Friday, December 18, 2009

Debugging with ash

A woman in central Pratapgarh district throws handfuls of ash from the kitchen stove on ripening rice. Many farmers in Uttar Pradesh still limit the use of chemical pesticides, or continue using traditional materials, like ash, alongside chemical pesticides to control insect pests on rice. A Zitting Cisticola sat undeterred (not visible here), presumably near its nest, as a cloud of ash fell on and around it - now that would have been an excellent photo to get!

(Photograph detai
ls: 23 Sep 2008; Pratapgarh district.)

Thursday, December 17, 2009

A leucistic lapwing

Albinism - reduction in the melanin content (black colouration) causing whiteness - is a well-known condition in many animals. However, leucism - a reduction in all types of pigments, not just melanin - is probably more widespread and often confused to be albinism. Here, a Red-wattled lapwing, normally textured brown-grey on the wings (see previous post), displays leucism. The black on the neck and face, and on the flight feathers, are normal - this is not a condition of albinism for sure!

(Photograph detai
ls: 9 Dec 2008; taken in Rae Bareli district.)

Sunday, September 27, 2009

Of Owlets and Owlings

The young of an owl is an owling, while the owlets are a group of small owls. Uttar Pradesh's non-forested areas still retain several species of owls and owlets who appear to breed quite nicely as evidenced by the regular sightings of owlings. Here are two species that I was able to photograph.

Jungle Owlets may not be very appropriately named since they occur in a wide variety of habitats, many outside what may be considered a "jungle". This fellow was calling away on a Eucalyptus tree in the middle of a wheat-and-vegetable landscape.

The Spotted Owlet is perhaps India's most common and widespread owlet. The adult (top) is coming to terms with the early-morning lighting in the canopy of a Neem tree - the pupils of each eye are dilated differently. The owling of the Spotted Owlet (above) appears obviously teenager-ish, and is ready to begin hunting on its own at a few months of age. This particular one, however, was still depending on its parents to do the work.

(Photographs information: Jung
le Owlet: 09 Dec 1998, in Rae Bareli district; Spotted Owlet: adult - 24 Jul 2009, in Sultanpur district, owling - 04 May 2009, Sultanpur district.)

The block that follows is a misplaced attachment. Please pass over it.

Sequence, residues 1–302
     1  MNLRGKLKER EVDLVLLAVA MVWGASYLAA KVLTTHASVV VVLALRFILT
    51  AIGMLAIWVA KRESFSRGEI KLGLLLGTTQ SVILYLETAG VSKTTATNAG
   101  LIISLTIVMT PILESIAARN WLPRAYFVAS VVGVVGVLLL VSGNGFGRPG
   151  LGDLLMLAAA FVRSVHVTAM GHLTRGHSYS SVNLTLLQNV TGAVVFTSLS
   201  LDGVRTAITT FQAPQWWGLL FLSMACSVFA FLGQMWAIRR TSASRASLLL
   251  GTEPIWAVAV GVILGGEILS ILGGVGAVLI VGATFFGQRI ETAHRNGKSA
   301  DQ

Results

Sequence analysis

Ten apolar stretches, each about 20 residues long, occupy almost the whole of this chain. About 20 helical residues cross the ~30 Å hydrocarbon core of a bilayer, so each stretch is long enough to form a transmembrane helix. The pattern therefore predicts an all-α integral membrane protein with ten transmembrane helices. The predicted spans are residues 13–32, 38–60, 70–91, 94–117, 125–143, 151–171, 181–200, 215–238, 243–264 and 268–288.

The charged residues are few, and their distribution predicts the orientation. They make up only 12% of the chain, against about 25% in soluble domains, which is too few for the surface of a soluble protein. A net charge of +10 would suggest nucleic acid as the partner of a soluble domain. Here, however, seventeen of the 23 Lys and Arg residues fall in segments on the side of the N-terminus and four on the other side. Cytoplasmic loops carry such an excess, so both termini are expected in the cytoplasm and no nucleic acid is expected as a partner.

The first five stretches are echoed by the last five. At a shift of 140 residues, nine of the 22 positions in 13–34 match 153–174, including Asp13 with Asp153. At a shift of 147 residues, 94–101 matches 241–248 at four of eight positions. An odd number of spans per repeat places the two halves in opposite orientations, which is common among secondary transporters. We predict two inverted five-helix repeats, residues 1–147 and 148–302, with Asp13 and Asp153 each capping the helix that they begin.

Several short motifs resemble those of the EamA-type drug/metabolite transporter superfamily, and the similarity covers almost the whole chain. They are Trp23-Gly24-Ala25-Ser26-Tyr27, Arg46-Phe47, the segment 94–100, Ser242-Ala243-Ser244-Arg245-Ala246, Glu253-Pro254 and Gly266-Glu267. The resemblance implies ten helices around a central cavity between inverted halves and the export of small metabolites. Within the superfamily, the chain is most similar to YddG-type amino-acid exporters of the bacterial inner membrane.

Thursday, September 10, 2009

Body language

Cranes have among the largest non-vocal communication repertoires in the animal kingdom. Body language is exceedingly important. Here are a few Sarusy gestures that other cranes would know the meaning of instantly.

Wing half-open, an exaggerated walk with legs raised higher than usual, this crane walks up very meaningfully to another Sarus that had landed uncomfortably close to an active nest. The interloper got the message rather quickly!

Crane employ a large number of threat postures increasingly aggressive in their meaning. This female (right extreme) gives a classic ruffle-threat combined with a bow to the pair adjacent to her territory while her partner engages them at closer quarters.

This rare bow-threat is carried out with elan and grace successfully dissuading a pair flying overhead from landing in this crane's territory.

large body size and incredible physical prowess poses a great risk of physical injury should they need to joust physically each time a disagreement occurs. Non-vocal postures with specific meaning, like the three above, are a safer alternative for all concerned.

(Photographs information: Top: 10 Ju
l 2008, Mainpuri district; middle: 28 Nov 2008, Etawah district; bottom: 07 Sep 2009, Farrukhabad district.)

Monday, September 7, 2009


All birds stretch their wings to get the blood flowing and stretch tired muscles. When the world's tallest flying bird does it, the simple activity becomes a spectacular sight! The world is truly its oyster.

(Photo detai
ls: All photos taken on 07 Sep 2009 in Farrukhabad district.)

Monday, August 31, 2009